This Pentaflex SL is a cut-down version of the Praktica Nova camera. It is missing the slow shutter speeds – this camera only goes down to 1/30 seconds which is slower than I ever go to so the even slower speeds are no loss. It is also missing the light meter. As the camera is fully manual, this is no loss. It is actually easier to use a dedicated hand-held meter rather than using the whole camera as a hand-held meter. The only non-manual part of this camera is the aperture – you set the required aperture and the diaphragm closes as you take the picture.
Someone has attempted a repair on this camera. There are two screws missing from the top plate and the cover of the pentaprism has been messily glued in place with Uhu glue. Having said that, the camera seems to be functioning as it should – test film might say otherwise, of course.
focal length: n/a
focus range: n/a
lens fitting: M42
shutter: horizontal cloth focal plane
speeds: 1/30, 1/60, 1/125, 1/250, 1/500
flash: F and X PC sockets – no shoe
film size: 35 mm
The camera body measures 150 mm by 48 mm and 95 mm high. It weighs 562 g – not as heavy as some SLR cameras but not up to Olympus OM standards. On the right of the top plate, where we would expect it, is the film advance lever. This is not on a ratchet so has to advance the film in one sweep. The lever moves through about 185 degrees to advance one frame. Around then advance lever is the frame counter. This is reset to -1 when the camera back is opened. It counts up – the highest marked frame number is 36 but the scale moves to an unmarked 40 – above this the film still advances but the counter does not move. In the centre of the rewind lever is a film reminder. This has five options: B&W; colour negative, daylight; colour negative, tungsten; slide film, daylight and slide film, tungsten. In the corner of the advance lever is a small chrome button to disengage the film advance mechanism to allow the film to be rewound.
Between the advance lever and the pentaprism hump is the shutter speed selector. This goes from 1/30 to 1/500 seconds which is a quite adequate range, plus B. As mentioned above, the slower speeds have been removed from this model.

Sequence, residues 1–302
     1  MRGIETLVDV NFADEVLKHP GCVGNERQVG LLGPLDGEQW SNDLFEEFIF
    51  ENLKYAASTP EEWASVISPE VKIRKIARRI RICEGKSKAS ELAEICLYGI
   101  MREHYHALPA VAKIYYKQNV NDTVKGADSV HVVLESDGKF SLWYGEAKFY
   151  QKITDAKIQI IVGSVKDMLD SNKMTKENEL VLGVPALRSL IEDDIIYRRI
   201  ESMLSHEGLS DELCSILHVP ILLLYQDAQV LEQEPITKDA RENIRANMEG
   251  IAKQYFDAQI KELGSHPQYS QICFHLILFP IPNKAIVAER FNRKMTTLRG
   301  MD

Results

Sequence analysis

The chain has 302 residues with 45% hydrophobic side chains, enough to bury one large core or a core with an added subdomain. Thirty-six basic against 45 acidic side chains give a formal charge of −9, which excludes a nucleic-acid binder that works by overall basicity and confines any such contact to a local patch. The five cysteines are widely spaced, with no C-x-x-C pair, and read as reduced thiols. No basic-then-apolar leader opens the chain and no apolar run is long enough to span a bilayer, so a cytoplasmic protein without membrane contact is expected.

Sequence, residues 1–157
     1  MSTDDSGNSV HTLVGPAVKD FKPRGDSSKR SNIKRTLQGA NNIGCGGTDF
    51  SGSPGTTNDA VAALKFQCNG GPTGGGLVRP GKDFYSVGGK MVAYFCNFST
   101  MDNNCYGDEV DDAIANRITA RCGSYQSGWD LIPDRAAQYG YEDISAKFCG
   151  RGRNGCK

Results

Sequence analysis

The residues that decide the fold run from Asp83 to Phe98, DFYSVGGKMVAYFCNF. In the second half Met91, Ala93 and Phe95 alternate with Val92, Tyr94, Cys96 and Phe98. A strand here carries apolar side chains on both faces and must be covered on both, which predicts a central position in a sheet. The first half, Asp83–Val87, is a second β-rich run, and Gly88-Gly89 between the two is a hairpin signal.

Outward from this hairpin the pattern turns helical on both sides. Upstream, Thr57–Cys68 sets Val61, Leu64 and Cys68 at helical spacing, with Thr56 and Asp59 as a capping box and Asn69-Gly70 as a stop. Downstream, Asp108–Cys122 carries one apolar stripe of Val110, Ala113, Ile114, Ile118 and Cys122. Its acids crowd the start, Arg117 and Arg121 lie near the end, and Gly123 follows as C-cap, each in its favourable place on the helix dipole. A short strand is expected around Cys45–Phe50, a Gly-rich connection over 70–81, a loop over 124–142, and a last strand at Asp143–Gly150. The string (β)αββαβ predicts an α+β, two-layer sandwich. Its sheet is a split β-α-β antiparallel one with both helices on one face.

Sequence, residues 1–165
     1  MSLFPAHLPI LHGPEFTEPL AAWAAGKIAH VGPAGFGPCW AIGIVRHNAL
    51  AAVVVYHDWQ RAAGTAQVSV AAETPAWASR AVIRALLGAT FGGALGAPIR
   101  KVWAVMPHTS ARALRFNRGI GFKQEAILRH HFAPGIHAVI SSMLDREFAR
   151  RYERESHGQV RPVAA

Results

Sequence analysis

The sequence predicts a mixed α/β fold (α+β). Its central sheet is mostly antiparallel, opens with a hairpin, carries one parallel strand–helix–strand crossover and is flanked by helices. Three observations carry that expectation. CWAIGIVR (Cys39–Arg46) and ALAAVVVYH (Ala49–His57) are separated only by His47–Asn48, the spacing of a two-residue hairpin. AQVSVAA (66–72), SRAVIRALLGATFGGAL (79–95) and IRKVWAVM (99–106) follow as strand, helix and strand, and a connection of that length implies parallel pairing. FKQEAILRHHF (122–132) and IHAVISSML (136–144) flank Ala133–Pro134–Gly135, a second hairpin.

Blog (C) John Margetts
The pentaprism hump is just left of centre. To the left of this is the rewind crank. This is of the small folding variety that was ubiquitous by this time and I find hard to use. Around this is a film speed reminder. As this is a meter-free camera, there is no need to set this but with a memory like mine it is well worth the bother.
Front of the camera showing the lens mount
The front of the camera is dominated by the lens mount. This is a M42 mount – a 42 mm by 1 mm pitch thread also known as the Pentax thread although it was introduced by Zeiss Ikon with the Contax S. Just inside the mount at the bottom is a lever actuated by the shutter release button which closes down the diaphragm on automatic lenses. If you wish to use older manual lenses which might foul this lever, it can be disabled by lifting the mirror and sliding a red stud to one side. Most automatic lenses have a manual/automatic switch which will act like a DOF preview button if required. Also visible inside the mount is a piece of black cloth at the top. I have never seen this before and I am not sure why it is there.
Front and top plate layout
To the right of the lens mount are two PC connectors for flash. the connector nearest the lens is synchronised for F type bulbs and next to that the PC connector is synchronised for electronic flash (marked X).
Left of the lens mount is the shutter release button. I generally prefer the release button to be on the top plate but this is well placed on the front and nicely angled – it works well. The button is threaded for a standard cable release and is knurled – the button can be turned to lock the button to prevent accidental exposures.
The rear of the camera is unadorned. At the top is the viewfinder eyepiece. This looks like it is designed to take an attachment of some sort. The viewing screen is plain ground glass with no focus aids. The ground glass is fine enough and then image bright enough that focusing is quite easy. The image seems to be very close to life size (judging by keeping both eyes open while looking through the viewfinder with a 58 mm lens attached).
The leatherette on the back is embossed with the Ernneman Tower – the logo of Pentacon. There is also Pentacon’s quality mark – a triangle with a “1” inside indicating first quality.
The only item on the base is a tripod boss – the standard 11/4 inch UNC (Whitworth on older cameras) thread, This is right over on the left which is a strange place. The ideal position for a tripod is under the node of the lens – this would entail the lens maker fitting the tripod boss here as some do. The next best place is is line with the centre of the lens. The position of this tripod boss puts most of the weight of the camera to one side – not good for level stability and not good for panning on the tripod.
Base of camera
The back is opened by a catch on the right end of the camera. The back has velvet light seals along both the hinge and the catch but not along the length of the back. Light is kept out by the back being sufficiently recessed into the body. This gives the camera a distinct advantage over Japanese cameras of the same age which all require new foam light seals by now. Not this camera!
Judging by the exposed metal around the film gate, the body is made from an aluminium alloy rather than the more usual brass of the time. This will be why the camera is on the light side.